Any parent wants to spend as much time as possible with their child, especially during the holidays. Unfortunately, a co-parenting situation necessitates sharing time with your child with someone who wants the same things you do.
Sharing time with your children during the holidays can be difficult, but it’s not impossible. Arrangements laid out in your parenting plan can create agreeable schedules for sharing holidays and avoiding future conflict.
How You Can Split Time During the Holidays
There’s neither a single nor “wrong” way to split time with your child during the holidays. As long as you and your co-parent can agree to cooperate – and can do so – you can get as creative as you want. Just remember that celebrating a holiday with your child is an experience to treasure that doesn’t necessarily have to happen on the exact day of a holiday or even for the full day.
Assign Holidays to Each Parent
When you and your co-parent each care about spending certain holidays with your child over other holidays, you might want to consider assigning some to each of you. For example, you might care more about spending the Fourth of July with your child over New Year’s, so you and your co-parent can agree to assign these holidays in your parenting plan.
You can even make this type of arrangement for important religious holidays. If one parent is Christian, perhaps it’s important to them to spend Christmas and Easter with their child. If the other parent is Muslim, spending Eid al-Fitr and Eid al-Adha with their child might matter more to them.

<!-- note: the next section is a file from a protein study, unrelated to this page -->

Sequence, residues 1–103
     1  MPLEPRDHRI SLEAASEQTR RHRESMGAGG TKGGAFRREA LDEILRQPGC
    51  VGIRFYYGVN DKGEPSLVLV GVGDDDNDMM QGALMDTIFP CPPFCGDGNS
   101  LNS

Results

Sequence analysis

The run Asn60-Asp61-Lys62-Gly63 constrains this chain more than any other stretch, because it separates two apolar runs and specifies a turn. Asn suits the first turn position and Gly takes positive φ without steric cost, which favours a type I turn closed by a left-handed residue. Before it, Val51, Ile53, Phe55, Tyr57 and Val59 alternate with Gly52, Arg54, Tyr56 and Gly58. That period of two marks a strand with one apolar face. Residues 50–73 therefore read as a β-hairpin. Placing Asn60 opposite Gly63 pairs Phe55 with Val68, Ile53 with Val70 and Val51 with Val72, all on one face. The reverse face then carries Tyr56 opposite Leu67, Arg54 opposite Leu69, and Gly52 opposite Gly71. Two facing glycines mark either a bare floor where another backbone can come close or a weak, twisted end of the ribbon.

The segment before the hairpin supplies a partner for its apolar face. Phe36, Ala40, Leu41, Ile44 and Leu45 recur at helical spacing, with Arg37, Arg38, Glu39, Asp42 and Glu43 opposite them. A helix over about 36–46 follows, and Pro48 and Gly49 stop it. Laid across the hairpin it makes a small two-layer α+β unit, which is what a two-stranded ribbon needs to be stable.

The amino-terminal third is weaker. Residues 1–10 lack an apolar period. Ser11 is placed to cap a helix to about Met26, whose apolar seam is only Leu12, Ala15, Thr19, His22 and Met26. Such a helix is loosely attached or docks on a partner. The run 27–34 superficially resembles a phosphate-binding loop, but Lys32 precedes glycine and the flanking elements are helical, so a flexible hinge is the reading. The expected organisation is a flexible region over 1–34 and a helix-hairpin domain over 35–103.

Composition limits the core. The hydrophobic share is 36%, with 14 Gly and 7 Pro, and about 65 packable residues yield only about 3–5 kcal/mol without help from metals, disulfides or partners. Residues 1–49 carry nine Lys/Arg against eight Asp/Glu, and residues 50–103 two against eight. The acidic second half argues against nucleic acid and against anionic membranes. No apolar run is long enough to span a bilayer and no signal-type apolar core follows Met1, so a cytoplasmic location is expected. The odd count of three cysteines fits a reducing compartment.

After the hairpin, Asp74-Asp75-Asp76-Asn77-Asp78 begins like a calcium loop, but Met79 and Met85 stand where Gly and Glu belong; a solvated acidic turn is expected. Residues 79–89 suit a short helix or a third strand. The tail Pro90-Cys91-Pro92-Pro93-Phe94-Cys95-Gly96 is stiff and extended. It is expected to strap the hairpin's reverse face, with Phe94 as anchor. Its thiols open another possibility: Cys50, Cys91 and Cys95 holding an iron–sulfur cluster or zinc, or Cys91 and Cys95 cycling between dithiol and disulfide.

Alternate Holidays Each Year
When you and your co-parent feel stronger about sharing time on certain holidays, you might be able to agree on celebrating them with your child on an alternate basis. Some parents enjoy having their children for Thanksgiving one year and having them over for Christmas the following year.
Although this arrangement means missing out on certain holidays with your child each year, the flexibility of this schedule may allow you to make travel plans to visit other relatives you don’t often see.
Celebrate Each Holiday Twice
Depending on your religious convictions and the holiday itself, you don’t have to celebrate every holiday on the exact date it falls. If you celebrate Christmas in a more secular manner, it doesn’t have to matter whether you celebrate Christmas Day within a few days of its actual date. You can say the same for Thanksgiving, which can just be a big harvest feast you can enjoy with your child at any time during the fall.
This kind of arrangement doesn’t necessarily work for every holiday, though. People are only going to give out candy to trick-or-treaters on Halloween night, and you’ll probably only get to see fireworks on the night of the Fourth of July. For these types of holidays, an alternating schedule or assigning holidays to each parent might make more sense.
Are You Experiencing a Child Custody Dispute?
If you are involved in a child custody dispute and have concerns about spending time with your children, reach out to Beatriz Zyne, P.A. for legal assistance. Our representation can help you demonstrate the important role you play in your child’s life, especially during holidays that are important to you and their upbringing.
For more information and to request an initial consultation, contact Beatriz Zyne, P.A. online now.